So Little Time, So Much to Do

ARTICLE | Apr 21, 2017

A Passion for Public Service in Retirement

The October 2016 issue of Public Management (Ethics Matters! department) made reference to the venerable Perry (L.P.) Cookingham, who was famous for reforming the crooked Pendergast machine in Kansas City, Missouri, among his many other achievements.

That PM article brought back meaningful memories for me that I want to share. I also want to offer some personal observations for my public manager colleagues.

During my term as Clearwater, Florida, city manager (1967 to 1973), we formed a four-county Florida Suncoast Manager's Association, which met periodically for dinner and discussion. I don't remember exactly how, but it came to my attention that Clarence Ridley, ICMA's first full-time executive director who served ICMA for 27 years (1929 to 1956), had retired in neighboring Pasco County, Florida, and was interested in attending our dinner sessions.

Ridley was a wise and gentle man with tremendous institutional knowledge and experience, and I'm proud to have several personal notes and letters from him in my files. Occasionally, Cookingham visited with Ridley, and we would be blessed to have both of these ICMA heroes join us at our dinner meeting.

When this happened, we abandoned our meeting agenda to listen, somewhat mesmerized, to them share inspiring experiences and answer our questions.

Staying Young by Working

They have, of course, long since passed and my thoughts ranged from those memories, almost 50 years ago, to the future. My future, to be exact, as I approach my 83rd birthday.

As the years pass, we are inevitably faced with decisions as to how we want to spend our remaining time. Some managers are better at planning their retirement years, and others, like me, dream about things we'd like to do, but for various reasons never get around to them.

My problem has been that I just can't say "no," and in that regard, my wife Judy, who came from a family long committed to distinguished public service, shares my passion for public service and has fully supported my decisions.

In early August 2016, for example, I received a call from Florida Inspector General Melinda Miguel asking if I would help her try to save the city of Opa-locka in Miami-Dade County which, in addition to an ongoing FBI investigation with criminal indictments, was facing potential bankruptcy or worse.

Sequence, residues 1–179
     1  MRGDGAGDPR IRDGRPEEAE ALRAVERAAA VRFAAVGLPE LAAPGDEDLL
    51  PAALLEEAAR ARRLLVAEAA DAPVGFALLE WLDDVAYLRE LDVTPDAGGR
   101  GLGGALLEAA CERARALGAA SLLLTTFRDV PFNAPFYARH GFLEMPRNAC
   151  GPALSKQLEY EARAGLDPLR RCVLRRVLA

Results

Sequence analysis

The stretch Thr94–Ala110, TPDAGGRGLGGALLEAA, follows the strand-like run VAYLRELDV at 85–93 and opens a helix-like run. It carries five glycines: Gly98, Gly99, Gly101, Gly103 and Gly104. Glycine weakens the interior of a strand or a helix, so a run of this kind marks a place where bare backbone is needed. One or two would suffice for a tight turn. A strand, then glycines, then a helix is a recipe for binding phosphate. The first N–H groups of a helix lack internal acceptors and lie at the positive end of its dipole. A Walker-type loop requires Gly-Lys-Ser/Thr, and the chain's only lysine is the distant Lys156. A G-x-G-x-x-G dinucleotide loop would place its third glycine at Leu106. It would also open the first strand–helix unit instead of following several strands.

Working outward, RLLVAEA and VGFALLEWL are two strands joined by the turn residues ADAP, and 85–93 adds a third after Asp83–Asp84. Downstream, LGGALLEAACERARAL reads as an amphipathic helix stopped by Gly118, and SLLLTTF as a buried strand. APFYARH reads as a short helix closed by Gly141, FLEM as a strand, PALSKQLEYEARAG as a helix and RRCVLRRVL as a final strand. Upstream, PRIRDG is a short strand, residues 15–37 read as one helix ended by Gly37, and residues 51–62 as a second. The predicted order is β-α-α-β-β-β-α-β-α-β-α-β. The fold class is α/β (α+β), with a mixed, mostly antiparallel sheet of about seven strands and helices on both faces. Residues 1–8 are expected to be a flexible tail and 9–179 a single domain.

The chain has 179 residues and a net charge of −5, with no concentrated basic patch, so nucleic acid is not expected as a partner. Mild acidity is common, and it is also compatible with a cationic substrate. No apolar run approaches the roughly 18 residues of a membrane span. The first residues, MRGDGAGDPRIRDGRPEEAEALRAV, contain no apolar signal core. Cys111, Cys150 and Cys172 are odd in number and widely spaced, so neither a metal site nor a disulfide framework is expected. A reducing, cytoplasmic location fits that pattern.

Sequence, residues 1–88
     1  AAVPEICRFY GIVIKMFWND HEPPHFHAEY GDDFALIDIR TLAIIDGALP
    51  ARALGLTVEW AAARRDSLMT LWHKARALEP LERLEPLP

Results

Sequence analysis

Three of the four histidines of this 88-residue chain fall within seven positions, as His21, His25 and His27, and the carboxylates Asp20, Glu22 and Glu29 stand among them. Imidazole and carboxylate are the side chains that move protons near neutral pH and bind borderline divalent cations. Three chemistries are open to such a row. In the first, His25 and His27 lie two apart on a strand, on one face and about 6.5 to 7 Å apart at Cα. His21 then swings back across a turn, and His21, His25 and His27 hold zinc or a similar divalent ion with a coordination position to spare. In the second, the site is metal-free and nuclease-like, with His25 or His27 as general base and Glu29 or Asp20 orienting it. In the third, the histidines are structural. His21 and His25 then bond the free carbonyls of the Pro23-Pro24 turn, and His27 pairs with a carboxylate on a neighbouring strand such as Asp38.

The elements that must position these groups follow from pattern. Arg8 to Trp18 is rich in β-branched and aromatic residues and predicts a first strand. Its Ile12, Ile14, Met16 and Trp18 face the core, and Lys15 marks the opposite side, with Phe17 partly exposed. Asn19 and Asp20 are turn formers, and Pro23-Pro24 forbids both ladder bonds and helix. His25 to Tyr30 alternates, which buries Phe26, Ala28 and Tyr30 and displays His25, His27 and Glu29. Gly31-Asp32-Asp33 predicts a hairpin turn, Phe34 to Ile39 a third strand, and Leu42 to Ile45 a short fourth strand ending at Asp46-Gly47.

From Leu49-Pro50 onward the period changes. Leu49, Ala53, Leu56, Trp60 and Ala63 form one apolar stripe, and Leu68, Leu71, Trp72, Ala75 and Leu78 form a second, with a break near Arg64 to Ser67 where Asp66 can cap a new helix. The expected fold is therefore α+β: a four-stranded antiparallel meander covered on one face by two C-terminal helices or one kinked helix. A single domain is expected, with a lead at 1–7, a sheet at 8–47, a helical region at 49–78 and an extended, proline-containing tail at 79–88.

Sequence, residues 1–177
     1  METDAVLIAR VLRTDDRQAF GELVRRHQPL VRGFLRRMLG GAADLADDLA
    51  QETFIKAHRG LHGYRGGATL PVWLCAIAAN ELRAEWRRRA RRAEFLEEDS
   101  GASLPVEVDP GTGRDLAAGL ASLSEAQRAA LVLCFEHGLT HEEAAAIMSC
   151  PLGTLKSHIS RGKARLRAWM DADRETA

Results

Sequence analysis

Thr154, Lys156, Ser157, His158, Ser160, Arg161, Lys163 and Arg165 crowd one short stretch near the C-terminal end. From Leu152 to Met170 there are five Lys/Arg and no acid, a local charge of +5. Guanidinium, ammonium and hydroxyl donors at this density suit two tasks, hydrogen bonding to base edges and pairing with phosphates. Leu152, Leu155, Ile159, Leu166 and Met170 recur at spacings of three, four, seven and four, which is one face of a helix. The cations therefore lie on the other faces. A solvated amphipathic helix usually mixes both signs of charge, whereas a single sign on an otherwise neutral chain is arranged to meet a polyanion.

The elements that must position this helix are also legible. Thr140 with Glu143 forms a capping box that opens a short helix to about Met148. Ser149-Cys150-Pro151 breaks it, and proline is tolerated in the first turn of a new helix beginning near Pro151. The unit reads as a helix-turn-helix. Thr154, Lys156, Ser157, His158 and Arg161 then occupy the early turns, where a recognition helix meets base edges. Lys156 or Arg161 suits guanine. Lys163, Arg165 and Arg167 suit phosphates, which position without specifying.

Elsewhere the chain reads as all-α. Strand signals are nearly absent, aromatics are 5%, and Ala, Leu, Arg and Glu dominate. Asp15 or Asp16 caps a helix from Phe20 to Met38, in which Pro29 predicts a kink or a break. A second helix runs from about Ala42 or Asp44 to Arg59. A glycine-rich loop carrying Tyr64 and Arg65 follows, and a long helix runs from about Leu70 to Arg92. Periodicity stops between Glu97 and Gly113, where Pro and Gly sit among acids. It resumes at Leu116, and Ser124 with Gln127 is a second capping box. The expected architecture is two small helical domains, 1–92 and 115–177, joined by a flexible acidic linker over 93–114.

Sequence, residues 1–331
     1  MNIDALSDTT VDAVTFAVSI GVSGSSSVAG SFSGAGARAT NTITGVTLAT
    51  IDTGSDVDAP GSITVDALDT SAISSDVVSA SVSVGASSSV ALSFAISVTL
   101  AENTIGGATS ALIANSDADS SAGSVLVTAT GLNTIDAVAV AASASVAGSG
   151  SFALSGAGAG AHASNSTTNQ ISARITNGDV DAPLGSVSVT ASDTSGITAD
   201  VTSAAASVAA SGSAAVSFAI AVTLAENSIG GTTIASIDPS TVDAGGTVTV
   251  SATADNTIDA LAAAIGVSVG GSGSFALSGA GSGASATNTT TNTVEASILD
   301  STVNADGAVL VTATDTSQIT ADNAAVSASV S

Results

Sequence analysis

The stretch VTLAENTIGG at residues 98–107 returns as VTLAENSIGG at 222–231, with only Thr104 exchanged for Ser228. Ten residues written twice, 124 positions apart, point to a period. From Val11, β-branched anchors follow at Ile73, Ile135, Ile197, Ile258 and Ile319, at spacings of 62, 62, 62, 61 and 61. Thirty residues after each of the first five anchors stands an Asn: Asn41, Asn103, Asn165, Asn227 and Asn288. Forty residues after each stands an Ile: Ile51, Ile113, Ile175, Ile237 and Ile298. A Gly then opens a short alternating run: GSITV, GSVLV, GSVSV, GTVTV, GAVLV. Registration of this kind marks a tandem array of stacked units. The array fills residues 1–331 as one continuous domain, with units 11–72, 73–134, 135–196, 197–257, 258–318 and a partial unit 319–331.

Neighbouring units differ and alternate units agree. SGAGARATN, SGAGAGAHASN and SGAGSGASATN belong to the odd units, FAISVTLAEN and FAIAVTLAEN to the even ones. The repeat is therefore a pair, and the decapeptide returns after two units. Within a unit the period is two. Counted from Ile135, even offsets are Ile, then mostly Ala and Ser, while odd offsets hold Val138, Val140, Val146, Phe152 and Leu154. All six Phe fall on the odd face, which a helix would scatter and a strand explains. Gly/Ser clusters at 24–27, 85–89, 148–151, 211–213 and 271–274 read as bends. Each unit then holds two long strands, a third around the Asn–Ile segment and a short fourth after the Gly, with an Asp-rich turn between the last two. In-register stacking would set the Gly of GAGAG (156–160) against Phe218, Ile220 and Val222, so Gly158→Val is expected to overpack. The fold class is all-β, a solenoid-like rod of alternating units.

Miguel, appointed by the governor, was also chairing the Governor's Emergency Management Board for Opa-locka. She had been advised that I was a "go-to guy" for troubled Florida cities where I had similar experiences in the cities of Miami and Homestead, my second term as Miami-Dade County manager, and at other institutions like the Miami-Dade County Public School system, where I was superintendent.

After offering me a dollar a year and state sovereign immunity, I, of course, said "yes." Why? Because public service is a passion of mine. Like so many of my manager colleagues, it is in my DNA and it is why, as I have often lectured, you get not only a paycheck, but also the psychic benefit of knowing you are helping others—your fellow residents—through your professional efforts.

I am just one of many other men and women who dedicate themselves to serve the public in other "callings." Over the past several years, I've also served as interim city manager of Doral, interim CEO of the Florida Zoological Society, and interim president and CEO of the (Leroy) Collins Center for Public Policy. This is how I have spent my time, when I could have been smelling the roses in a comfortable retirement, so to speak.

Please understand: This is not intended as any criticism for my well-adjusted manager colleagues who have retirement plans and stick to them, faithfully. In fact, there are times in my thought process that I envy them.

Explaining My Choices

For many of the rest of us, however, we have been trained and conditioned to public service in our various public environments. There are so many ways to serve and so many organizations—public and private, educational, charitable, religious, or otherwise—that need and will benefit from our managerial expertise and judgment.

Don't ever sell yourself short. The opportunities for volunteerism are endless! The rewards may or may not be monetary, but be assured they will give one a sense of personal fulfilment—the joy of serving others in need.

And while I have no clinical proof, I think that because one's mental attitude has such a profound physiological impact, it may prolong your life. If nothing else, I can almost guarantee that you will smile more and sleep better.

I still go fishing, want to finish writing my book that is seven years in the making, get plenty of physical exercise, spend quality time with my wife and extended family, travel a little, and feel great.


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